The other thing that we see a lot is where it’s optional. So, we say ‘you can build a three-story apartment building here under the current zoning. But if you agree to provide affordable units, we’ll let you go up to five stories.’ It’s given the developer value in the form of additional density and we’re taking some of that value back in the form of lower cost units. But it’s not all of the units. It’s just some of the units in the building.
Mauricio Chacra: That part makes sense. ‘Hey, let’s just be able to fit more affordable housing within that square footage of expansion.’ Now, I think back to here in San Antonio, where we’re expanding outside of the loop here, new developments being around, but closer to the highways. You’ve obviously got the commercial and then that can feed off into where apartments that are affordable housing can come into play.
How long has this idea of inclusionary housing been around?
Rick Jacobus: The term was created back in the seventies in the suburbs outside of DC. They were growing and they started doing this and it has spread across the country gradually since then.
And so now there’s about a thousand jurisdictions in the country that have an inclusionary housing policy and they’re in most states, but it’s only in certain places. So, it’s kind of an uneven landscape. There are certain communities in every state that have it.
And then there’s a few states like California is one where, a large share of the cities and counties in California have inclusionary housing, but most states, it’s just a few places here and there.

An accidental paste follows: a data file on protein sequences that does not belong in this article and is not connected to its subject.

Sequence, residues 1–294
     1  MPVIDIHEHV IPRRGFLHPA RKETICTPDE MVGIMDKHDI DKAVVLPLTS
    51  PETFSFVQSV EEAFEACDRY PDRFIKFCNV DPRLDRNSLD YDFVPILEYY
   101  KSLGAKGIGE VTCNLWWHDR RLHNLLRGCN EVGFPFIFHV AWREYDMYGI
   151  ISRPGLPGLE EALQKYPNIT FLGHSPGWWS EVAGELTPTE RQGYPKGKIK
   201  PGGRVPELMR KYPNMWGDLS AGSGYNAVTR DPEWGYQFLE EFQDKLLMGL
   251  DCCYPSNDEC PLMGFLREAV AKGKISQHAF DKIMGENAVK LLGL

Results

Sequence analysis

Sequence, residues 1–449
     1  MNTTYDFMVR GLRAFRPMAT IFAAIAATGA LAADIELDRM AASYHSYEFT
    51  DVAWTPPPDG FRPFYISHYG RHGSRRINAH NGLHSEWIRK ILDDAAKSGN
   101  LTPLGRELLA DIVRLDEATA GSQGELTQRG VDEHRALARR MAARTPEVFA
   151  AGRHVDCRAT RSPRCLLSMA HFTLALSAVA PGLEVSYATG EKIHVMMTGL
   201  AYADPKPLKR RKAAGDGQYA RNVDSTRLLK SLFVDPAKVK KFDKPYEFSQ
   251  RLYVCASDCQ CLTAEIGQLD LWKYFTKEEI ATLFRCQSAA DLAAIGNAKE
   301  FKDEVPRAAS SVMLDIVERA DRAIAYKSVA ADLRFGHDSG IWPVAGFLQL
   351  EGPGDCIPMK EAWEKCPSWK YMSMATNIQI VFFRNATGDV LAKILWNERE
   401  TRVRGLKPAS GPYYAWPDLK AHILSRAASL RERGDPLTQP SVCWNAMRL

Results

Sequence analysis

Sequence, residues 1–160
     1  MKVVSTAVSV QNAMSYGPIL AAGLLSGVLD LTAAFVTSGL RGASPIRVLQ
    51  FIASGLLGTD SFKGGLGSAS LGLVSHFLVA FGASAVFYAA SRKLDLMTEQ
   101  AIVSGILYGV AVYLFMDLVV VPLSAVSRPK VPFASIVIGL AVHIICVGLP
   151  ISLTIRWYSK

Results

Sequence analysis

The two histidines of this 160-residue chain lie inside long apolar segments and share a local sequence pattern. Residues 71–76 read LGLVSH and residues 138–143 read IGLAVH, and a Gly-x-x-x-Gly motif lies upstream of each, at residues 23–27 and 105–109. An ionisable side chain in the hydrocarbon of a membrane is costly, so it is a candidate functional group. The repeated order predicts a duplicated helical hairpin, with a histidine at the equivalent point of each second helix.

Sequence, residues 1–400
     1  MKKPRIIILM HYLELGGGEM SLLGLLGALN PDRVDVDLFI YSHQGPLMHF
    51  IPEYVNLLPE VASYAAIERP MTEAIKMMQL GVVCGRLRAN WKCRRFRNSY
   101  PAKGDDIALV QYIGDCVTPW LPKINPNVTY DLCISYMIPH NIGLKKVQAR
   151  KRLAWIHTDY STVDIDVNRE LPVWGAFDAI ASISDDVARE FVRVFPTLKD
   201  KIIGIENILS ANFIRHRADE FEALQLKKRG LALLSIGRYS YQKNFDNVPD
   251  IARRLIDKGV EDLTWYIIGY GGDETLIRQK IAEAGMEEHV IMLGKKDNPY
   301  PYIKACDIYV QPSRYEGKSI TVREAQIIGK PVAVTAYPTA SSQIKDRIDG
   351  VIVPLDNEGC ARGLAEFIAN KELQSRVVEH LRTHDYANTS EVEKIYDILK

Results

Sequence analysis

Alberto Pina: You know, if I think back to the last few developments I’ve seen come out of San Antonio, particularly downtown, I know there’s a certain portion of those that had to be reserved for this market rate housing. And I think in exchange there may be tax incentives or tap fees were waived on the utility side.
Rick Jacobus: That’s inclusionary housing. That’s exactly what that is.
Alberto Pina: In San Antonio, we’re seeing a ton of that here. So obviously, across the country there’s this affordable housing crisis. Why is inclusionary housing one of the better choices to help solve that?
Rick Jacobus: You know, that’s a great question. I don’t know that it is. I think it’s a really good choice, but there’s a whole lot else that cities should do first. So, in inclusionary housing, it’s kind of like it’s icing on the cake.
The cake is, you put public money into affordable projects that are built (on) purpose for affordability, where every unit is affordable. You do that by raising money through taxes or by issuing government bonds or by reusing public land. And you get a private builder or a nonprofit to come in and build just affordable housing.
I think that’s the main way that we produce affordable housing in the country, and we do it well, and it’s the right thing to do. Once you’re doing that, you realize there’s just only so much you can do there. Right? You have to compete for land with private projects and it’s difficult to line up opportunities.
And then we have this particular problem, which is that where we’re building housing that’s just affordable, we end up building it in certain kinds of neighborhoods and not in others. Partly because there’s opposition, partly because land is expensive. It’s hard to get affordable housing spread out everywhere. And the research is pretty solid showing that it’s helpful to have people be able to access all parts of the area.